Let your Conversation be without Malice or Envy, for ‘is a Sign of a Tractable and Commendable Nature:
And in all Causes of Passion admit Reason to Govern.
— George Washington’s Rules of Civility and Decent Behavior
Last night, a friend sent me a text message that French conductor and flautist Olivier Ochanine’s meeting with SM’s management resulted in somewhat of a commitment to preserve the theater of the Philamlife Building.
Ochanine was supposed to have said, “After a positive meeting, it seems safe to say that Philam Life Theater will be preserved. More info to come soon, included a special concert in honor of the theater.”
Of course, the community surrounding Ochanine will hail SM’s reported decision to keep the theater as a triumph brought about by the tactics they employed — some of which were negative to say the least.
At least, one member of that community thought it was rather justified to use falsehood, fear and intimidation — tactics which are not used by those who truly believe as well practice in intelligent and unrestrained democratic discourse.
It can be argued that profanity is protected by free speech and that would be true. But it is also equally true that profanity maybe regarded as abusive and can be the subject of a libel suit — which can certainly detract from any effort to constructively engage people who may have the power to grant or deny a request.
If Ochanine had publicly used foul language in pursuing his petition, I doubt if either the Sys or the management of SM would have invited him to discuss the fate of the Philamlife Theater and he would have failed in saving the facility from destruction.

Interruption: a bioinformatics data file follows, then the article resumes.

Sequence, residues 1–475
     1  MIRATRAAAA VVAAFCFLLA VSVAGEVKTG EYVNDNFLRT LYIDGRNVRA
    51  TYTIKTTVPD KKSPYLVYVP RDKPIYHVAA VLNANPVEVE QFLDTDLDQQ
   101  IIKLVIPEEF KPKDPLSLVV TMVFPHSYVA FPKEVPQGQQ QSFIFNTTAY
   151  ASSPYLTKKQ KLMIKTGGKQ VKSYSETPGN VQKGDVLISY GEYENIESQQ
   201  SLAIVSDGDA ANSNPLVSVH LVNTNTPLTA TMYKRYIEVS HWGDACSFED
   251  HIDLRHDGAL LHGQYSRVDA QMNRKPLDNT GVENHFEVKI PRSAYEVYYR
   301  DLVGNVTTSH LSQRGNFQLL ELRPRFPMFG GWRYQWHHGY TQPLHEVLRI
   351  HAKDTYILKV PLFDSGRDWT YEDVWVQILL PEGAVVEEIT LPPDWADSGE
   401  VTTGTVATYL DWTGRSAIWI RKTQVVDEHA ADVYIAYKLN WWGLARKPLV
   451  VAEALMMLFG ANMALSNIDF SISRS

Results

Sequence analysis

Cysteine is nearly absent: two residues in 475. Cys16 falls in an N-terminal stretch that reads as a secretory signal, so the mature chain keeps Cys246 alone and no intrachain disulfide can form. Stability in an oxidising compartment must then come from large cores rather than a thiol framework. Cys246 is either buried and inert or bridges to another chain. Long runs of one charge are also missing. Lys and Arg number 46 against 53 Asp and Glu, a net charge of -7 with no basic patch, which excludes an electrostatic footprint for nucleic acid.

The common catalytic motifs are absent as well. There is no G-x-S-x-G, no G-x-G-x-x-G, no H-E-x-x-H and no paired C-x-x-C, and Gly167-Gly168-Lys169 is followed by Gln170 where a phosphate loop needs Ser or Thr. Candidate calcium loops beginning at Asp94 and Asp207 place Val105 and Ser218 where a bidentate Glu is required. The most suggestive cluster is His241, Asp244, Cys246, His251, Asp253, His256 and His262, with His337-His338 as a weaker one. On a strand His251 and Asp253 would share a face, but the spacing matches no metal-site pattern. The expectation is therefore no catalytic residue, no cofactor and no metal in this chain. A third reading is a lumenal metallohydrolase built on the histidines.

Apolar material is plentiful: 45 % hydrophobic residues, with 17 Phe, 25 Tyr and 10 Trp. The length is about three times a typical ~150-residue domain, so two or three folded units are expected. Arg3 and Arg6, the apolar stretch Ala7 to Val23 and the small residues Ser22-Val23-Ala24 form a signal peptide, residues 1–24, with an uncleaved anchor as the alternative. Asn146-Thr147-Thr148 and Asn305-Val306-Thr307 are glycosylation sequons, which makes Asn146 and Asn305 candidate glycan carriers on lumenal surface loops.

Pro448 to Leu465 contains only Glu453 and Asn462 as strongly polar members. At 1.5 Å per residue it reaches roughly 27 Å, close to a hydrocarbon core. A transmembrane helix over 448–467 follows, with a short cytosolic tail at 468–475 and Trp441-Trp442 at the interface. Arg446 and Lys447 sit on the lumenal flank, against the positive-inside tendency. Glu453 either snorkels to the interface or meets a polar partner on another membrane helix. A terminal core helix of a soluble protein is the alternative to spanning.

I think Ochanine’s decent and rather civil behavior partly demonstrates the right and effective way in pursuing a petition or promoting a cause.
Decency and civility helps immensely in allowing all parties involved to focus on discussing the arguments and facts as well as negotiating a solution or compromise that satisfies all parties.
Protests, angry and otherwise, seem to be warranted if the party being petitioned refuses to grant audience to the petitioners and engage in negotiations.
However, these days certain so called “thought leaders” seem to be more prone to launching a public petition as the first resort.
Thing is, I suspect that if you asked them, “Have you written and filed a complaint?” they would most likely say that they hadn’t and in that respect, a public protest would be quite unfair since the petitioner hasn’t given the party being positioned the opportunity to respond.
Another glaring example of Pinoy Society’s dysfunction is that some of its members eschew undergoing “due process” and engaging in the “proper forum”, saying that it won’t bring about the right results. However, the truth may be that they’re just afraid of displaying their ignorance and like a petulant child, would rather that people just give them what they want.